to discover that in fact few medical doctors or psychiatrists
seem to care, especially since 1 boring man is quite right that the
evidence for gigantic profit-oriented fraudulence is very massive.
1 boring old man also
says, still in a reflective mood:
I came back Monday from a
vacation trip with friends where I spent little time thinking about
contemporary matters medical. When I got back Monday night, I was out
of the rhythm of keeping up with the things I usually follow. What I
always find when I’ve taken a break is that I feel anew the same kind
of outrage I felt five or six years ago when I first began to
understand how the pharmaceutical-academic
psychiatry alliance had become so widely
corrupting. Obviously it’s a much bigger problem than simply
psychiatry, but it appears my specialty was especially vulnerable [and
had some people in high places who dove in head first]. It always takes
me a few days to recover my composure and get back into the state of
play, rather than this just rant on and on about the myriad of
absurdities like those mentioned above.
Well, I have been
following 1 boring old man daily for some 3 years now, and I have not
been disappointed (though I don't agree with all he wrote).
My own problem is -
again - that there are relatively few medical doctors who protest the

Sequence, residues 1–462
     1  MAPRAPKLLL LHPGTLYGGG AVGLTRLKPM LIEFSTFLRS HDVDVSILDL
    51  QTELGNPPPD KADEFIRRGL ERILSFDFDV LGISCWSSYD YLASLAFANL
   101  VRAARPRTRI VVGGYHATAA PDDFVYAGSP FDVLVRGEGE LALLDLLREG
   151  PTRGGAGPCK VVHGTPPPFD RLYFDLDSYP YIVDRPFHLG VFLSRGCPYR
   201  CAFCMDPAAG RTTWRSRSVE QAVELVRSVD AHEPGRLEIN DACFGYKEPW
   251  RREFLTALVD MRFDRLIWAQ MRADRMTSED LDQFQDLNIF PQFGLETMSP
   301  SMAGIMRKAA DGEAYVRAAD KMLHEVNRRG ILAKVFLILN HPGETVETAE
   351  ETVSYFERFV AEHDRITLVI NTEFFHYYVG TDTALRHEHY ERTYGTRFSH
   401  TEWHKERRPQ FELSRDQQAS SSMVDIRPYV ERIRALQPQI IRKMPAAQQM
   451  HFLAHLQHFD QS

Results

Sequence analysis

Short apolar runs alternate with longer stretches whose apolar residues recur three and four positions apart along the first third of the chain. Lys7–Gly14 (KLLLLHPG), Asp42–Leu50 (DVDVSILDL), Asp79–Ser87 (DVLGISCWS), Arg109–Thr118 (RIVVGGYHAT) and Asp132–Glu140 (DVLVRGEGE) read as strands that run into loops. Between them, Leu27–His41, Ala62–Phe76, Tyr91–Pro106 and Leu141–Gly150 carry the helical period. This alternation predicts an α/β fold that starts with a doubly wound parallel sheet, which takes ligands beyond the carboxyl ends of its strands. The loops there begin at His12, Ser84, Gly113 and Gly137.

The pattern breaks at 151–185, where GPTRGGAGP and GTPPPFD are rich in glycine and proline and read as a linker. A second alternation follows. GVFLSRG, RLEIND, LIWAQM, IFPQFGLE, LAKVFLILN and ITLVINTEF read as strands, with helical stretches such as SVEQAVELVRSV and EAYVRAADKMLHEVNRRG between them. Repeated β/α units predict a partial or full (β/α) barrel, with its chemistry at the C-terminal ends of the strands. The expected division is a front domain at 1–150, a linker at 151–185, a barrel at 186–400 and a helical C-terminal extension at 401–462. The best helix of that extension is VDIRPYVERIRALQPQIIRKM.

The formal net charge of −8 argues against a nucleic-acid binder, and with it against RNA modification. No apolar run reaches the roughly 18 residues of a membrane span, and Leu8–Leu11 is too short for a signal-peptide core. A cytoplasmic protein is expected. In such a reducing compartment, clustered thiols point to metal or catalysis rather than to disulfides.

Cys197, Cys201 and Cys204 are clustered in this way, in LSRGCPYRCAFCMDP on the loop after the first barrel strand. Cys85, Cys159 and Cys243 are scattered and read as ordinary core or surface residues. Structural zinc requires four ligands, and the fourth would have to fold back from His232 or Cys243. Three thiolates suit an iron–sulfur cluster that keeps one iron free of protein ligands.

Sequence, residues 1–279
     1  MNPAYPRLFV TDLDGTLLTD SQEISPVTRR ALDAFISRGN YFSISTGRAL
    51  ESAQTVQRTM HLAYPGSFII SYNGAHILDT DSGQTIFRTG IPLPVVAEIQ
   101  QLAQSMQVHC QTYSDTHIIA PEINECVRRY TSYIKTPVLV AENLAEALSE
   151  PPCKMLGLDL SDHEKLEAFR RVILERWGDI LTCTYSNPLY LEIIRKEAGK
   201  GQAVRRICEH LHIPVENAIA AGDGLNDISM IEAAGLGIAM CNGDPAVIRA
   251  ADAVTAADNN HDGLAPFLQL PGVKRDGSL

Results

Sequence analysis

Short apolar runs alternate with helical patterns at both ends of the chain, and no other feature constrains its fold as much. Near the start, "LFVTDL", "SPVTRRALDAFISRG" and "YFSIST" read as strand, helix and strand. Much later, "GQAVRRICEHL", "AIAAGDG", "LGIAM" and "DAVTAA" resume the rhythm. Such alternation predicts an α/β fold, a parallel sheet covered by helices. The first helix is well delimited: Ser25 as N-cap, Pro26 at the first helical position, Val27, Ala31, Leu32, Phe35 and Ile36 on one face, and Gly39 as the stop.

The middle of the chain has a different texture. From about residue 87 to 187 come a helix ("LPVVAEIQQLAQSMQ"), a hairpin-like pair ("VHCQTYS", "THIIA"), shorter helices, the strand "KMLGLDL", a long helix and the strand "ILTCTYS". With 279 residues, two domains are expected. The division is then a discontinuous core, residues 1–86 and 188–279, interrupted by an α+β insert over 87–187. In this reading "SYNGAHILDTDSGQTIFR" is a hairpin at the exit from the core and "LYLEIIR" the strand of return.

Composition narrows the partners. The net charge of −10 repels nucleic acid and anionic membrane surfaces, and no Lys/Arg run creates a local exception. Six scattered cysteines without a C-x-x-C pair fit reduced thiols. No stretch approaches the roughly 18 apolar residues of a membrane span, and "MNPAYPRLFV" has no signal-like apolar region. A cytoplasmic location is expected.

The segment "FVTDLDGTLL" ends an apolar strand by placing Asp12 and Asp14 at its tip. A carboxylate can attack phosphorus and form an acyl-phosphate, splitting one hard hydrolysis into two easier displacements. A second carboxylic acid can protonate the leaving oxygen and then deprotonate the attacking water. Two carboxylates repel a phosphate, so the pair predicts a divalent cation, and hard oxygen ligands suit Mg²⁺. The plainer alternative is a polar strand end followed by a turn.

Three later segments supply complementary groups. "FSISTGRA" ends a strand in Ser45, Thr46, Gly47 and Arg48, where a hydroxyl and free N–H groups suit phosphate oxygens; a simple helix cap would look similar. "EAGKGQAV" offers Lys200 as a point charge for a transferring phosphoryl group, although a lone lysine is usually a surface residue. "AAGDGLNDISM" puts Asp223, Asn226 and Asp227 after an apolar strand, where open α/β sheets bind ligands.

corruption of their own science, for indeed 1 boring old man is quite
correct that, while the corruption is most prominent in psychiatry, in
part because it is the least scientific of all branches of medicine, it
extends to much of medicine in general, which is more and more
transforming itself into being an adjunct to the pharmaceutical
corporations, that now conducts most of their researches, may write the
stuff the doctors sign, and simply does not publish whatever threatens
What can be done
about this? Medicine and psychiatry should be regulated (again, in the
interests of the patients, the doctors, and real science, and against
Big Pharma), and experiments and data should become objective and
scientific again, and not the property of the pharmaceutical
In fact, this is far
less difficult than regulating the economy and the big banks, but it
probably will not happen for the same reason as the big banks are not
corporations have enormous amounts of money, and can corrupt
most players, though indeed not all, and - alas! - many medical doctors
and psychiatrists have their eyes on the money they can get, much
rather than on the patients or their interests.
dying early because of postcode lottery
The last item of
is an article by Denis Campbell on The Guardian:
This is again about the
British health care system, and it is here because I wrote yesterday about the British psychiatrist
Simon Wessely, who had the gall to state this argument - and I quote
from The Guardian:
Wessely said there
would be a public outcry if those who went without treatment were
cancer patients rather than people with mental health problems.
Imagine, he told the Guardian, the reaction if he gave a talk that
began: "'So, we have a problem in cancer service at the moment. Only
30% of people with cancer are getting treatment, so 70% of them don't
get any treatment for their cancer at all and it's not even recognised."
As I pointed out
yesterday, Wessely falsifies matters in pretending that cancer and
psychological problems are on a par. They are not, and not at